What’s the cost of not capturing knowledge before it walks out the door?
During a recent discussion about the knowledge drain, we ended up talking about an organisation whose growth plans didn’t go quite the way they expected.
Here’s the story. Company X (they are always called X) identified that it needed a number of new members for its senior management team to help implement the new growth strategy. Just 18 months later, the strategy collapsed and most of the team had left, taking with them their know how – the knowledge drain
We considered what the costs and the impact this had on the overall business budget, these are just a few musings:-
- The bill to acquire the new team will have been a large percentage (if not all) of staff development costs as specialist recruitment people were used.
- What was the cost of waiting for new employees to actually work their notice periods and join so that projects could go ahead?
- How was the resentment felt within the existing workforce managed, how were they engaged in the preparation process?
- What was the impact of not effectively communicating the new strategy to existing staff?
- What was the cost of valuable employees jumping ship because they felt vulnerable and under valued?
- What innovative knowledge assets were in place to provide their inductions, aside from people with little time and ISO procedures?
What I would like to ask is, what if the organisation had had some strategy for the creation and utilisation of knowledge (intellectual) assets before (or as part of) strategy formation?
Now, you may be new to the concept of knowledge management, but in simple terms…
Knowledge management (KM), exists to better identify, capture and then utilise the knowledge assets of an organisation.
In simpler terms the stuff that you unconsciously do – your know how, skills and expertise. As a solopreneur that is yours, if you have other members of your business or partners that you collaborate it is all of your ‘stuff’ and it is very valuable.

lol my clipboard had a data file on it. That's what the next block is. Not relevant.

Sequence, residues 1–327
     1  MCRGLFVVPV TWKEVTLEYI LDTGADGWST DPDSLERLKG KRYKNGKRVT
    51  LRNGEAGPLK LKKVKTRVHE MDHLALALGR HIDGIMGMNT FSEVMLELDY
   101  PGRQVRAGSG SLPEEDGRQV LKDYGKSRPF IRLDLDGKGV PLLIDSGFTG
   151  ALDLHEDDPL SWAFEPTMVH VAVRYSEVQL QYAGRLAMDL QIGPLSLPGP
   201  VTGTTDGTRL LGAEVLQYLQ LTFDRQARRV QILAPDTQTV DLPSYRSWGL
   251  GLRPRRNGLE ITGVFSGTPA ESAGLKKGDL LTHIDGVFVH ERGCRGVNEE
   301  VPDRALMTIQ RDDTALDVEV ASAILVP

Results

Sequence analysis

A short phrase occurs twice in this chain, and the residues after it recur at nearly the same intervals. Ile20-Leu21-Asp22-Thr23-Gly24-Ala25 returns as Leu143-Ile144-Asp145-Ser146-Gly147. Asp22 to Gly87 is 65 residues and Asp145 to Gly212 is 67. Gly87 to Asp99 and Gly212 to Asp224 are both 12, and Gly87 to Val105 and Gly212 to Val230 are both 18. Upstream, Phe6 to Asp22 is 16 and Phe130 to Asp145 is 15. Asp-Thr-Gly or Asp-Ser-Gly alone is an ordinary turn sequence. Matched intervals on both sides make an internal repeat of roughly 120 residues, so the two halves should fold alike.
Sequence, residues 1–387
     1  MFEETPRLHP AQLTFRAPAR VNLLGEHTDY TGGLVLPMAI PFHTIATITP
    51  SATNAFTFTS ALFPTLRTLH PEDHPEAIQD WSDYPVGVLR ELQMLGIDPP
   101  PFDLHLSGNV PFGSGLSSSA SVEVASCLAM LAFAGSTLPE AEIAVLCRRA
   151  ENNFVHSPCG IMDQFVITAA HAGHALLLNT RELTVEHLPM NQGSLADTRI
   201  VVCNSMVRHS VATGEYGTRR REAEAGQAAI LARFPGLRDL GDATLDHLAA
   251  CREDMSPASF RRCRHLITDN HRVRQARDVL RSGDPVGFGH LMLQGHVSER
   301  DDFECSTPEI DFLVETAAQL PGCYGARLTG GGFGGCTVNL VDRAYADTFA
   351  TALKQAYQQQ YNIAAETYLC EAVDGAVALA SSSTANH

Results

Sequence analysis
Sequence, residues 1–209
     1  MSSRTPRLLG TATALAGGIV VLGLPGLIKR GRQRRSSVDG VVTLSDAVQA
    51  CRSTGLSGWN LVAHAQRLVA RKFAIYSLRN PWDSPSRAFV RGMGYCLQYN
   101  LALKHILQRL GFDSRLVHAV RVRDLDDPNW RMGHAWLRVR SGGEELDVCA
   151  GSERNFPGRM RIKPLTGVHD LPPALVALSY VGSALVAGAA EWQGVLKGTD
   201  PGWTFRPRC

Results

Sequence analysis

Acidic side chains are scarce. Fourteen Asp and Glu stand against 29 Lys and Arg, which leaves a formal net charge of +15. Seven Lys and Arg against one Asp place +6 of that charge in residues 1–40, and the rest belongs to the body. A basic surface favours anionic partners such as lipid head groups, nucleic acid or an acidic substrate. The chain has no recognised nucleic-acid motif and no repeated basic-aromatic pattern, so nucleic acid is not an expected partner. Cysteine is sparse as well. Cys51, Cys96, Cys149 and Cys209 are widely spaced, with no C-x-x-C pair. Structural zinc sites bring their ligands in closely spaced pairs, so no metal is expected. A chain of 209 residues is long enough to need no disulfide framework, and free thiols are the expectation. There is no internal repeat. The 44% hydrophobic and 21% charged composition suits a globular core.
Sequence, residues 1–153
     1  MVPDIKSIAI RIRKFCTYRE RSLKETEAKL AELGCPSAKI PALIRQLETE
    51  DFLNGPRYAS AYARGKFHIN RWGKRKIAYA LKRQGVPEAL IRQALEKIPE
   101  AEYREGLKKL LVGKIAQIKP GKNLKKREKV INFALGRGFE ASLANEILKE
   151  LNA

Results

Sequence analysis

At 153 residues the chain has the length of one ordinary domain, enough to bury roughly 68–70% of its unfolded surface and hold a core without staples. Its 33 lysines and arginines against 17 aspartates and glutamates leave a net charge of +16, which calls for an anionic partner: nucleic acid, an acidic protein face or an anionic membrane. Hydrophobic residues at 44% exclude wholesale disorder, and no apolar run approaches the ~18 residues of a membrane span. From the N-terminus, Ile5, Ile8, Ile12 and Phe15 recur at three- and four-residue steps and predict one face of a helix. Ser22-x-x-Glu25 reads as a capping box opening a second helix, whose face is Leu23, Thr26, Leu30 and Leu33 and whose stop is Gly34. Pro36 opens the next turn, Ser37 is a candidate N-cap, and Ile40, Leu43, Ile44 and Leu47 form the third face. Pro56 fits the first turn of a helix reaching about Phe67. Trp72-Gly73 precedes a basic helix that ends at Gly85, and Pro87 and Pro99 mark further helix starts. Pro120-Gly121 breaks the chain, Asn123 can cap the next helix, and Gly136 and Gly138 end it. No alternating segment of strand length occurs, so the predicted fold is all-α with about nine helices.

A long time ago Druker coined the phrase ‘Knowledge Worker’ as distinct from a manual worker. Everyone is a knowledge worker. No matter what role you have, you have ‘know how’ and that’s the bit, that is often harder to capture. Think about how you make a cake compared to me, who rarely measures out the ingredients and still gets great raw chocolates. (ok sometimes…)
By capturing and sharing knowledge in some way, a company can mitigate some of the losses which occur when ‘shit’ happens – people leave or retire.
Collaboration, opening up lines of communication and feedback becomes essential to continuous improvement and should invisibly exist.
Before you let them go
Consider if, in our example, a knowledge strategy and infrastructure had been implemented and a knowledge culture encouraged.
- When a number of highly paid executives walked in the door their time to make an impact could have been shortened (i.e. hit the floor running sooner).
- By joining a collaborative workforce they could have made better decisions based on existing knowledge, instead of re-inventing the wheel.
- By working as a team and not a remote islands, any issues could have been solved far quicker.
- As they walked out of the door their knowledge was already captured, being utilized shared, and improved upon.
Perhaps I am wearing rose tinted glasses when I get excited about the possibilities of knowledge management?
- The idea that people are valued for what’s in their head, and not what they have written in the ISO procedures or their job description delights me
- On the job mentoring and coaching really does make people feel valued and when they feel valued they make a far greater contribution
- The thought that organisations can make use of and trust their employees to use social networks and social media, inside the business excites me. I have seen the power of communities of practice for myself through Facebook and LinkedIn groups
- When I look for information about an organisation, their blogs tell me a lot about them, where a flat website can’t. Even better when they have departmental blogs and can share learning with me
- Videos bring a business to life and can show processes better than any words can. (memo to self – make videos later)
- Employees who write in journals are less stressed and often get eureka moments that only writing and reflecting can bring
- Books about and for your business will bring it alive and enable learning and sharing, through your business library and demonstrates additional value to your prospects and customers. Oh yes, it’s great for team building
We often hear that one of the hardest things to measure is knowledge. Lets turn it on its head and ask, what is the risk and cost of not implementing a KM strategy?
If knowledge is valuable to you and your competitors what actions could you take to utilise and protect these, assuming you have created the knowledge asset in the first place?
Food for thought? I think so.